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FSU Art Therapy research team awarded NEA grant to study mental health

Theresa Van Lith, an associate professor in art therapy

A research team from Florida State University’s Art Therapy Program has received a $99,000 grant from the National Endowment for the Arts (NEA) to study using the arts as a proactive mental health strategy for Generation Z, individuals who were born between 1995 and 2015.

The team, led by Theresa Van Lith, an associate professor in art therapy, will build on their previous research to identify specific factors that help contribute to client change within the mindfulness-based art therapy program.

“We are very excited to begin thoroughly examining how art therapy impacts the biological aspects of stress and anxiety in college students, such as sleep and somatic issues, along with outlook and quality of life,” Van Lith said.

Van Lith noted that college student stress and anxiety is at an all-time high, and with the impact of this year’s unprecedented events, she expects to see the desire to perform well and live a balanced life even more strained.

Over the past several years, Van Lith and FSU Art Therapy alumna Meg Beerse have developed an online mindfulness-based art therapy program that promotes proactive mental health strategies in an accessible format and has previously demonstrated anxiolytic and stress-reducing capabilities.

“The world urgently needs well-researched, effective means to reducing stress and anxiety.”

— Barbara Parker-Bell, director of the FSU Art Therapy Program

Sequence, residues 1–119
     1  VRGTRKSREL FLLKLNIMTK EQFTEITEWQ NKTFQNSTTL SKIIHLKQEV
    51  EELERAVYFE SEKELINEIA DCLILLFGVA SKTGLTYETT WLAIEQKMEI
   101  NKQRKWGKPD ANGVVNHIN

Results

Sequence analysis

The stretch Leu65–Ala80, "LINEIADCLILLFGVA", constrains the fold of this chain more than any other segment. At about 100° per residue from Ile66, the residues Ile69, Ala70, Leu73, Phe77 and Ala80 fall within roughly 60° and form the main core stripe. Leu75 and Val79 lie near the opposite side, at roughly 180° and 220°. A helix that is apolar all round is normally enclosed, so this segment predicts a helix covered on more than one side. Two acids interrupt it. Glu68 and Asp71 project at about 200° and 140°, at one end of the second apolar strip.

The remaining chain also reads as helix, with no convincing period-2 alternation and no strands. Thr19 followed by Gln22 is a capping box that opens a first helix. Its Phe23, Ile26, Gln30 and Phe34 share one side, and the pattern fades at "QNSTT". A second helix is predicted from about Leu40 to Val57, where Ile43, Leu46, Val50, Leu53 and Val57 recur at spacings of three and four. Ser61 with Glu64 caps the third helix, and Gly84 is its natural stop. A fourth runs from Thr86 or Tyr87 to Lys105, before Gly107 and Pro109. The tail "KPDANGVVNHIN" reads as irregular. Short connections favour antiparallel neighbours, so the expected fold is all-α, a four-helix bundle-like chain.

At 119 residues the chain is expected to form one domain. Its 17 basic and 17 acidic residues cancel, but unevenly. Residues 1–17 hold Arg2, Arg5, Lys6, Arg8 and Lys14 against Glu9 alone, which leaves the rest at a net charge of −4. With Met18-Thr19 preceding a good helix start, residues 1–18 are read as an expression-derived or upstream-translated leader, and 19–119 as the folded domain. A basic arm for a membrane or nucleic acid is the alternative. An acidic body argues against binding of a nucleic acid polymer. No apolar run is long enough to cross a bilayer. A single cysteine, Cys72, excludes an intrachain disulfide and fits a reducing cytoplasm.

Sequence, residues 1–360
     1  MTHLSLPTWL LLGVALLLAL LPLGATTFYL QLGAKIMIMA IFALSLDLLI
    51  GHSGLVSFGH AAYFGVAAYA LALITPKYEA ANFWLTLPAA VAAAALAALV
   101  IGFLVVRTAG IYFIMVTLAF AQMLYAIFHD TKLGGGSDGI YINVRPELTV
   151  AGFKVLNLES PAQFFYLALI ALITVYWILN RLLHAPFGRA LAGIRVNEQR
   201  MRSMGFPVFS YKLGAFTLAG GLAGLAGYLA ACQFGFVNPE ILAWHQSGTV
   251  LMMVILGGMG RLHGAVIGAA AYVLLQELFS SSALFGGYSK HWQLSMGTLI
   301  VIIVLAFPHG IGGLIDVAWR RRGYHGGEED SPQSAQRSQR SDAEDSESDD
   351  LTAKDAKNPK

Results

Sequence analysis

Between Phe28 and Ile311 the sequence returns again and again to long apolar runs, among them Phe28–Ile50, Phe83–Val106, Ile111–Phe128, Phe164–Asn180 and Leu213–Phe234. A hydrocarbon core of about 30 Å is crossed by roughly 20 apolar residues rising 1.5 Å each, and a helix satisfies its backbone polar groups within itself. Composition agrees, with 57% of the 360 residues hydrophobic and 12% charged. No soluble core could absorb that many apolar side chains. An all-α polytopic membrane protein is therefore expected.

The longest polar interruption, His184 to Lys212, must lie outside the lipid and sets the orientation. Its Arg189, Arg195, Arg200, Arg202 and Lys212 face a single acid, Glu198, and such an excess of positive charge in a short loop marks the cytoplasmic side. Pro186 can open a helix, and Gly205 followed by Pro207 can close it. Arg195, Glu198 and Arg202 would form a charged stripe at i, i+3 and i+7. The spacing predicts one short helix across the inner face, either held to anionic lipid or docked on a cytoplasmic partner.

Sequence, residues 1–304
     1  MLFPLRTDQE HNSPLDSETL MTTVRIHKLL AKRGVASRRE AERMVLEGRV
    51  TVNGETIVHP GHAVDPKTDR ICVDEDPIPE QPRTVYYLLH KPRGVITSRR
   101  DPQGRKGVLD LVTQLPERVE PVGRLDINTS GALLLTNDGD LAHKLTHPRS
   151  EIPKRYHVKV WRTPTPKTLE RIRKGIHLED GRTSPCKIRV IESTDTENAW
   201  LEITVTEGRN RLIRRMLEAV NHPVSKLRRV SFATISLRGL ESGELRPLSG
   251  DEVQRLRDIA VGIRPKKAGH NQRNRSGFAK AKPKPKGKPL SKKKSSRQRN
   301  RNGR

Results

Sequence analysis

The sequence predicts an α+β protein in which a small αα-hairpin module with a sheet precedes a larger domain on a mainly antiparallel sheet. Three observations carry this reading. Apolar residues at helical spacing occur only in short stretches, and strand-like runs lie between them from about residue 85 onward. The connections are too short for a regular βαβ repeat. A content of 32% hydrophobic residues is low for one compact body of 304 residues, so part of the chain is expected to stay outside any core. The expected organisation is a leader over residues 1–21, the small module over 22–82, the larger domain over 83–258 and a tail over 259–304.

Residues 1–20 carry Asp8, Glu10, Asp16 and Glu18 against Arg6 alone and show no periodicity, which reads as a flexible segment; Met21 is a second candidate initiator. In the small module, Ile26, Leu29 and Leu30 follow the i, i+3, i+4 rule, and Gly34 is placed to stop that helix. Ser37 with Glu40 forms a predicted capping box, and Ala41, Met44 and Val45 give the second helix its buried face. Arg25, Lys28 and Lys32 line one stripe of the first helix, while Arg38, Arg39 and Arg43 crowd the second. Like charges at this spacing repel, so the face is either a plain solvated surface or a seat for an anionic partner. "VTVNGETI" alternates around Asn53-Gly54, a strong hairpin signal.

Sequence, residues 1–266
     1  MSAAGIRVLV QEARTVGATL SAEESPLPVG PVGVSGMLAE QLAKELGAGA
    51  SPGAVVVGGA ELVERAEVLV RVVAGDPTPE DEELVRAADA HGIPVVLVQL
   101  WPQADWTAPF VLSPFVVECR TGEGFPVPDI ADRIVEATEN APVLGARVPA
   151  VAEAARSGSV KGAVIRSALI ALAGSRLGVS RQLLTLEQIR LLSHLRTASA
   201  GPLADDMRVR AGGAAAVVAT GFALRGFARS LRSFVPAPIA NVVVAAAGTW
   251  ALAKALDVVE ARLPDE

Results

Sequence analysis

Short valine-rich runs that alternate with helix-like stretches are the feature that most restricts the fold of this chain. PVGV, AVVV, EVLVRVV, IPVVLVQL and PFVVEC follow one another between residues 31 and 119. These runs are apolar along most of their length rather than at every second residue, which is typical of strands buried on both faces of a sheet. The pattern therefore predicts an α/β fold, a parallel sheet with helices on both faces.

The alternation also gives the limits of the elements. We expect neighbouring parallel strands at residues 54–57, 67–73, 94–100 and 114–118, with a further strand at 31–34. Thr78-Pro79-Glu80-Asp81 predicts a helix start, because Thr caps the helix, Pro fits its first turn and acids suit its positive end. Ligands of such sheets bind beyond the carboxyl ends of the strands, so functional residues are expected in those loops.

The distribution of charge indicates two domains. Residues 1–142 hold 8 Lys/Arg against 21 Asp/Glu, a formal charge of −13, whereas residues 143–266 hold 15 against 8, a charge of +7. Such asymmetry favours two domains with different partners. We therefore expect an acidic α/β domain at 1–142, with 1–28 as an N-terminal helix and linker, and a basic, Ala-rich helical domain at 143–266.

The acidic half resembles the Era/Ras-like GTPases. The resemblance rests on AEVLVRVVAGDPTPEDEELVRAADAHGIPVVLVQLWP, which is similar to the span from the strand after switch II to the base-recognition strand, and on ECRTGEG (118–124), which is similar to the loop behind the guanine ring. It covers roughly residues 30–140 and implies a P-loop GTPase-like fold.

“The world urgently needs well-researched, effective means to reducing stress and anxiety,” said Barbara Parker-Bell, director of the FSU Art Therapy Program. “Dr. Van Lith and Ms. Beerse’s creative approach to accessible art therapy and on-line care is well suited to college students and our current COVID-19 environments.”

In a recent partnership with FSU’s College of Medicine, Van Lith and her team have been able to demonstrate psychological and physiological outcomes associated with art therapy. Their project combines mindfulness practices with art therapy to promote health, wellness and adaptive responses to stress.

National Endowment for the Arts Chairman Mary Anne Carter has approved more than $84 million in grants as part of the Arts Endowment’s second major funding announcement for fiscal year 2020. This is one of 15 grants nationwide that the agency has approved in this category.

“These awards demonstrate the resilience of the arts in America, showcasing not only the creativity of their arts projects, but also the organizations’ agility in the face of a national health crisis,” said Mary Anne Carter, chair of the National Endowment for the Arts. “We celebrate organizations like Florida State University for providing opportunities for learning and engagement through the arts in these times.”

For more information on this National Endowment for the Arts grant announcement, visit arts.gov/news.